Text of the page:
Native Americans once considered NH their home

MILFORD – In 2009, Robert Goodby was the archaeological consultant for the new Keene Middle School project, charged with looking for anything that might make the site eligible for the National Register of Historic Places.

Usually, studies of this kind are uncomplicated. But Keene’s Tenant Swamp, on the periphery of the site, had been undisturbed for many centuries, and Goodby’s test pits found stones that came from the White Mountains and from the Munsungan Lake area of Maine. The stones could not have come from southern New Hampshire – a clear indication that human beings had brought them here.

"We were excited. The school board was a little less excited," Goodby told the audience in Milford Town Hall during his recent presentation, called "12,000 years ago in the Granite State."

"Dig fast," school officials told the archaeologists, and Goodby, who is an associate professor of anthropology at Franklin Pierce University, soon found it was the site of a lifetime.

Local histories usually don’t say native people had settled here, he said. The 1904 history of Keene, for example, said Indians had merely "wandered through."

The first Europeans didn’t enter an untamed, uninhabited wilderness, though, but rather the homeland of people who had been here for hundreds of generations.

Physical evidence, including Indian-built dams and even the DAR monument on Keene’s Main Street, which says it was on the site of a fort that was "a refuge from Indians," buttress that idea.

"The history of the Indian people is nearly invisible," Goodby said.

But in 2010, the Tenant Swamp site offered further proof that the earliest Native Americans, from 10,000-12,000 years ago, considered this home.

Here were burned bone fragments, later found to be caribou bones – evidence of cooked food – and four kinds of tools consistent with what scientists know about Paleo-
Indian tools.

This all required careful study, but the middle school had to open on schedule, and state regulations require a 100 percent archaeological recovery followed by public education.

So Goodby was under the gun. He and his team worked on the site seven days a week for seven weeks, work that sometimes required twisting their bodies under the big roots of old white pines to find what was under them.

Clusters of artificats, including stones for scrapping hides, were found in four oval-shape spaces, considered "house floors" of the Tenant Swamp settlement.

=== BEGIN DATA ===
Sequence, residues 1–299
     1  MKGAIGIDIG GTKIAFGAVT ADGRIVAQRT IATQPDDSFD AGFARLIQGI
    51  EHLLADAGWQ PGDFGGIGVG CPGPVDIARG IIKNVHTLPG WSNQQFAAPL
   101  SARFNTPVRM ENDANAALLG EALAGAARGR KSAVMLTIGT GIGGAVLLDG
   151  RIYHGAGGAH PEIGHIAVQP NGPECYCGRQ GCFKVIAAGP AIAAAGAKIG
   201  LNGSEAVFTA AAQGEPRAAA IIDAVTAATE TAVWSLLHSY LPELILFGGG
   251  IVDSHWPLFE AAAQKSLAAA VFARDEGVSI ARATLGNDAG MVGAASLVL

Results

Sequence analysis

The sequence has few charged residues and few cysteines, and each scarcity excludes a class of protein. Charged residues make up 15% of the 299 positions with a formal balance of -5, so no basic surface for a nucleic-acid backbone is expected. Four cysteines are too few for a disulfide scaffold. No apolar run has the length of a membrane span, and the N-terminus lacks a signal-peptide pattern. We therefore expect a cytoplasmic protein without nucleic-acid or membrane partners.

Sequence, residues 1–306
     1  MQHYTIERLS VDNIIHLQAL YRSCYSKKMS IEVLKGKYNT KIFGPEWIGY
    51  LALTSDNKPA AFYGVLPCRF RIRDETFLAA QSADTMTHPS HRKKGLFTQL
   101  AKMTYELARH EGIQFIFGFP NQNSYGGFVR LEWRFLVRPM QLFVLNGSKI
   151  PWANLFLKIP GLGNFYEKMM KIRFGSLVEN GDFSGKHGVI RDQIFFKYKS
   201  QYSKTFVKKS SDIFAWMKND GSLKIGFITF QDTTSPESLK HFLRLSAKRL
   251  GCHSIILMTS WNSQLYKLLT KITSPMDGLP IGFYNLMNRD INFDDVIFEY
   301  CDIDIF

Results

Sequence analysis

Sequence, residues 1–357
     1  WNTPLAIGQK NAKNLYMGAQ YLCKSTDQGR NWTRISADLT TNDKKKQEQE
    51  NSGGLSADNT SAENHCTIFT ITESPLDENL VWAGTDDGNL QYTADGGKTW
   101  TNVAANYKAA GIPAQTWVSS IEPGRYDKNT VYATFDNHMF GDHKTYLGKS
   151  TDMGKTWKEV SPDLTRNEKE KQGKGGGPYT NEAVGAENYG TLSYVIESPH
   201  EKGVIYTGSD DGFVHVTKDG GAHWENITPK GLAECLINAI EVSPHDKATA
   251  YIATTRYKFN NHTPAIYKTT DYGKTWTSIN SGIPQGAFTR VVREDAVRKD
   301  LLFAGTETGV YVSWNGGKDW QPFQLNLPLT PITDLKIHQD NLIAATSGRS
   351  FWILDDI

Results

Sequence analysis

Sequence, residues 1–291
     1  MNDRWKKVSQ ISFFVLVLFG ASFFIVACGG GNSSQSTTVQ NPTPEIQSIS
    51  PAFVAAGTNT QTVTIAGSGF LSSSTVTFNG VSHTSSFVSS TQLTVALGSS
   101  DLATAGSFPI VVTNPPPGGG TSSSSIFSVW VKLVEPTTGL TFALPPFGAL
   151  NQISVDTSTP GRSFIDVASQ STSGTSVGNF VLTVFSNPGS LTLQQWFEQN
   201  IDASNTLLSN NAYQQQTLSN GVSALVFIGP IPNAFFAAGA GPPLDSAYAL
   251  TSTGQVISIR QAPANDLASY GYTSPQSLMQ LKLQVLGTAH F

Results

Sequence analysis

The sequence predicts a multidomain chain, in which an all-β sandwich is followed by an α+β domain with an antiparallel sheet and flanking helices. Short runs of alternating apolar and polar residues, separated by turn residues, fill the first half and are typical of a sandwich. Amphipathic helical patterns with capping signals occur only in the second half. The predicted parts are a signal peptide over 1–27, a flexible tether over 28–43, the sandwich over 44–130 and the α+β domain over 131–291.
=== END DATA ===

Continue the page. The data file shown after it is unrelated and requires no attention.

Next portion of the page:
"Everything was happening inside" the houses, Goodby said, because this was the time of the Younger Dryas climate, when it became sharply colder. "Winter in Younger Dryas is not the time you want to be outside."

Radiocarbon dating of the bone pieces showed they were from between 12,570 and 12,660 years ago – not too long, in archaelogical terms, after the Ice Age. Around 18,000 years ago, all of New England was covered in ice, but by 15,000 years ago, most of New Hampshire was ice free.

Which meant Tenant Swamp is the oldest archaeological site in New England.

A month into the dig, the researchers found a corner of a spear point, but they believe there was no hunting happening in Keene.

And contrary to popular beliefs about gender and divisions of labor among prehistoric people, in which men are the hunters and the women gathered nuts and berries or stayed inside, the scientists believe men and women stayed inside these shelters all winter, working on hides, working wood and splitting hard materials such as bone and antler. Their winter food seemed to be caribou.

"Was it plausible that women were busy and the men were doing nothing?" Goodby said. "We need to rethink that whole business."

Stones from the very edge of the four house sites were found to come from two sites, one 350 miles away, from the Munsungan Range in Maine, and the other from 110 miles away in northern New Hampshire, where early people had dug a cave to retrieve the stones.

"I think what happened here is this: One of the basic rules is to marry outside your band, which creates networks … of aunts, uncles and cousins," Goodby said. "In winter, they look forward to seeing family in the spring and they bring gifts. And if you live near good stone, you bring it" – just the way you would bring maple syrup to relatives in Arizona.

Goodby said he will be working on this site for the rest of his life, and that work includes the education aspect required by the state. Soon he will be talking to Keene sixth-graders and taking them out to the site where teachers have built an educational boardwalk.

Goodby’s presentation was hosted by the Milford Historical Society and sponsored by the New Hampshire Humanities Council.

Kathy Cleveland can be reached at 673-3100 or
kcleveland@cabinet.com.